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China Confirms 14 Gigawatts of Solar Energy Incentives for 2014

Eric Wesoff's picture
Greentech Media

Prior to joining Greentech Media, Eric Wesoff founded Sage Marketing Partners in 2000 to provide sales and marketing-consulting services to venture-capital firms and their portfolio companies in...

  • Member since 2018
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  • Feb 19, 2014

China Solar Energy in 2014

China will be the number one solar market again in 2014 if it meets its recently announced goals.

China’s National Energy Administration has set a 2014 goal of incentivizing 14 gigawatts of domestic solar capacity, 6 gigawatts aimed at utility scale and 8 gigawatts aimed at distributed generation.

Adam James of Greentech Media notes, “The 14 gigawatt target is consistent with our expectations for how the Chinese government will approach PV development in 2014. We do note, however, that reaching this target may present some difficulties: particularly if the allocation between utility-scale generation and distributed generation is enforced as a strict funding cap. On the one hand, the distributed market in China is still very new and has some growing pains, so reaching 8 gigawatts is highly ambitious. On the other hand, constraining utility scale generation to 6 gigawatts may present challenges for companies who already have sizeable expected pipelines in 2014. Despite these headwinds, we do expect China to be the largest market for installed capacity in 2014.”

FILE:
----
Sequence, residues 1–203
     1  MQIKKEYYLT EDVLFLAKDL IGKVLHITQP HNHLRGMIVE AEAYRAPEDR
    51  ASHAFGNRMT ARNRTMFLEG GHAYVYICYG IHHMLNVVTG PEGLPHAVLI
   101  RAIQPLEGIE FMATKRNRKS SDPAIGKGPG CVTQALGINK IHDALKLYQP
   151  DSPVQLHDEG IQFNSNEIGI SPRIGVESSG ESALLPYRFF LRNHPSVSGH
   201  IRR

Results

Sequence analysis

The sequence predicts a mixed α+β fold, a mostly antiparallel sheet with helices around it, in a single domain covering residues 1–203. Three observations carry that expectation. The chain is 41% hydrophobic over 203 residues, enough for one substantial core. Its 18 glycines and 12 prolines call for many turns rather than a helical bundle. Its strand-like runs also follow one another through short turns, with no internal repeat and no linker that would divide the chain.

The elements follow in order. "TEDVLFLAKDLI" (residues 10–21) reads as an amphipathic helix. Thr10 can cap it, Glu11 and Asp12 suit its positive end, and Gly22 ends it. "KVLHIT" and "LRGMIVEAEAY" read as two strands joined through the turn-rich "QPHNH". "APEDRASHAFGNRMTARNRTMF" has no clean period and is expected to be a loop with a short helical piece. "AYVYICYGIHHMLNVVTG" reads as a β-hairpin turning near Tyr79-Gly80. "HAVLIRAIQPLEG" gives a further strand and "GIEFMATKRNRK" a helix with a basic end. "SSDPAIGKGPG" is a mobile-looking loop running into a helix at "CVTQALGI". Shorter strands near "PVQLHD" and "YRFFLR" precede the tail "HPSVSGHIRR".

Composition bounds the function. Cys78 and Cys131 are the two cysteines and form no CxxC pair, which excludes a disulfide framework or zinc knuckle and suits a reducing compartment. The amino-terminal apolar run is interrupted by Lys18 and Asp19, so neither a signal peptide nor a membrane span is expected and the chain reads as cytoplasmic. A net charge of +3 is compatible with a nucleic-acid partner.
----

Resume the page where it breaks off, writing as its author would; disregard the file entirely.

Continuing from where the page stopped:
China was the market in leader in 2013 with about 12 gigawatts — after growing from approximately 3 gigawatts in 2012.

Deutsche Bank Equity Research notes that China has set quotas for individual provinces with the Eastern provinces of Shandong, Jiangsu and Zhejiang at a quota of 1.2 gigawatts each. Vishal Shah of Deutsche Bank writes, “If grids are unable to absorb the power and solar panels stay idle, the agency may reduce the quotas.”

Shah adds, “While there are specific targets laid out for each province, it is still unclear how well the government is able to track installations given the localized permitting structure. We believe the tier 1 module suppliers are well positioned to capitalize on the domestic market and expand their installation business in the process. Given attractive IRR’s on most projects in the region, we believe the country can likely reach this target, which will put further upward pressure on pricing in the industry. Given several planned poly expansions coming online over the next 1-2 years and rising prices, we believe further long term agreements between poly and module suppliers are likely.

Deutsche Bank sees this announcement as positive for Trina Solar and Yingli.

Photo Credit: China Solar Growth/shutterstock

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Thank Eric for the Post!
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